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MSHA unveils long-awaited proposed rule on respirable crystalline silica

Photo: Ron Levine/iStockphoto

UPDATE: The proposed rule was published in the July 13 Federal Register.

Washington — The Mine Safety and Health Administration has announced a proposed rule on worker exposure to respirable crystalline silica in an effort to better protect miners from associated health hazards.

Workers can inhale silica dust during mining and other operations, including cutting, sawing, drilling or crushing materials such as rock and stone. Crystalline silica can damage lung tissue and lead to black lung disease, chronic obstructive pulmonary disease or incurable silicosis.

The rule would lower the Permissible Exposure Limit for silica to 50 micrograms per cubic meter of air over an 8-hour time-weighted average. It also would mandate exposure sampling and free medical surveillance for metal and nonmetal miners, as well as update standards on respiratory protection.

The proposed PEL is half the previous limit and matches the PEL OSHA established in 2016.

“The purpose of this proposed rule is simple: prevent more miners from suffering from debilitating and deadly occupational illnesses by reducing their exposure to silica dust,” MSHA administrator Chris Williamson said in a press release. “Silica overexposures have a real-life impact on a miner’s health.”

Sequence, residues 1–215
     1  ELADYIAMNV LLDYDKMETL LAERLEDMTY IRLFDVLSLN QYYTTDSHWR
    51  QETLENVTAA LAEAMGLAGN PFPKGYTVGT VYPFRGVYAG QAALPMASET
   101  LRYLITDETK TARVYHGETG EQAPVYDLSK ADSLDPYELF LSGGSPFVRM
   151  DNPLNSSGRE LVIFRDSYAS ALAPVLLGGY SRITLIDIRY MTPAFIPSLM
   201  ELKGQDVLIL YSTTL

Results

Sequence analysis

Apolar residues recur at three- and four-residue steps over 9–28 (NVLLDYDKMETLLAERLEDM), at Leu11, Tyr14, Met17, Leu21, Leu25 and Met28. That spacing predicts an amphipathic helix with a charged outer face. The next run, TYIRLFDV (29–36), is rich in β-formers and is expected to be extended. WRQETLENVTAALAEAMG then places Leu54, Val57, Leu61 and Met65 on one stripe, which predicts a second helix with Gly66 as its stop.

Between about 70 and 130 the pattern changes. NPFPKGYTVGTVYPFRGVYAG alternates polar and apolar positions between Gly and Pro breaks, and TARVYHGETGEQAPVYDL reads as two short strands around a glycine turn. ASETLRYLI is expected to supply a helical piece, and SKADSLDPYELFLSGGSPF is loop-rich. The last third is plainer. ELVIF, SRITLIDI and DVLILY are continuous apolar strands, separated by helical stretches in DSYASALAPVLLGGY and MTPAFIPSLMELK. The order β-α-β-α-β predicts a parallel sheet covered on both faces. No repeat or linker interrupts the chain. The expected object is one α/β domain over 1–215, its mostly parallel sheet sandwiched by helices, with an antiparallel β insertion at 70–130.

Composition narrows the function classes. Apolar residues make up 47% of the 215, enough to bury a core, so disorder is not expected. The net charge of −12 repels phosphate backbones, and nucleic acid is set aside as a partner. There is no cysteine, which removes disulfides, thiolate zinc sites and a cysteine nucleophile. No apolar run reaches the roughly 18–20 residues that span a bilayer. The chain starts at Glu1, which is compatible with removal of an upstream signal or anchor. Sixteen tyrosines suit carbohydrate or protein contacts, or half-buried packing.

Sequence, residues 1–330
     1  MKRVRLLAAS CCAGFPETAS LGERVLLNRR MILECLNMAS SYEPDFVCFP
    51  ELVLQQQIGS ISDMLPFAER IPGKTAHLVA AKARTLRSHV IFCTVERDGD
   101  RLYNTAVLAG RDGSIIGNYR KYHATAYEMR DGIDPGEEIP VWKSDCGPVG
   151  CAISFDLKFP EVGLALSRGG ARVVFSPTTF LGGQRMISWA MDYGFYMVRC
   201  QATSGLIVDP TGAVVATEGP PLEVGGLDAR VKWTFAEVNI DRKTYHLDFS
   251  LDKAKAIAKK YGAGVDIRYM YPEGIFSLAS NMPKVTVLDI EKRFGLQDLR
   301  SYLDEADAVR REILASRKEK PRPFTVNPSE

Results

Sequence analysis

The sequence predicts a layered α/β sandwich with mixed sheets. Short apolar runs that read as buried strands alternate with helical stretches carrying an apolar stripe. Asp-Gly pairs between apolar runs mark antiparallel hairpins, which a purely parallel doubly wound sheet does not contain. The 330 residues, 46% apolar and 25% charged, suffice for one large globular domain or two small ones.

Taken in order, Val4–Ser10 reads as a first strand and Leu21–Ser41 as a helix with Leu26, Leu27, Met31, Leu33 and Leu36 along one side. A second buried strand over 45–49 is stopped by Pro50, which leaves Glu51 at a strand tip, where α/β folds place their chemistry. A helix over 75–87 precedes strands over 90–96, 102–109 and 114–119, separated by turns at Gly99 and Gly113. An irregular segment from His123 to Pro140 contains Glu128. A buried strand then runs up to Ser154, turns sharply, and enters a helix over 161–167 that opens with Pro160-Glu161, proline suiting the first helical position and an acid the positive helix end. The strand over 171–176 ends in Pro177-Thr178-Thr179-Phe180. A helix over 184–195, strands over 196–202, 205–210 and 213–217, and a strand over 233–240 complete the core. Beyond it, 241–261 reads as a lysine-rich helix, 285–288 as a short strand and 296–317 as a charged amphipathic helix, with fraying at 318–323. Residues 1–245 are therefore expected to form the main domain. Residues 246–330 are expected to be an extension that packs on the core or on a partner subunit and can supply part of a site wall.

OSHA estimates that 2.3 million workers are exposed to silica dust annually.

Recent research from the University of Illinois Chicago suggests the lung tissue of contemporary coal miners contains higher levels of respirable crystalline silica dust than counterparts of previous generations – which may explain a surge in cases of progressive massive fibrosis, the most severe form of black lung disease.

During a Jan. 25 conference call with agency stakeholders, Williamson detailed the long path the proposal has taken since first appearing in the Department of Labor’s Spring 1998 regulatory agenda. The agency had anticipated a proposed rule on silica would be issued by the end of that year.

Cecil Roberts, president of United Mine Workers of America, said the proposed rule comes “at long last.”

He added: “This is the first step of many that will be required. We must get this rule finalized as soon as possible. And then we must ensure that mine operators follow the rule (and) the government enforces it and penalizes those who violate it.”

MSHA will accept comments on the proposed rule once it’s published in the Federal Register. The agency also plans to host in-person and virtual public hearings in Arlington, VA, and Denver.

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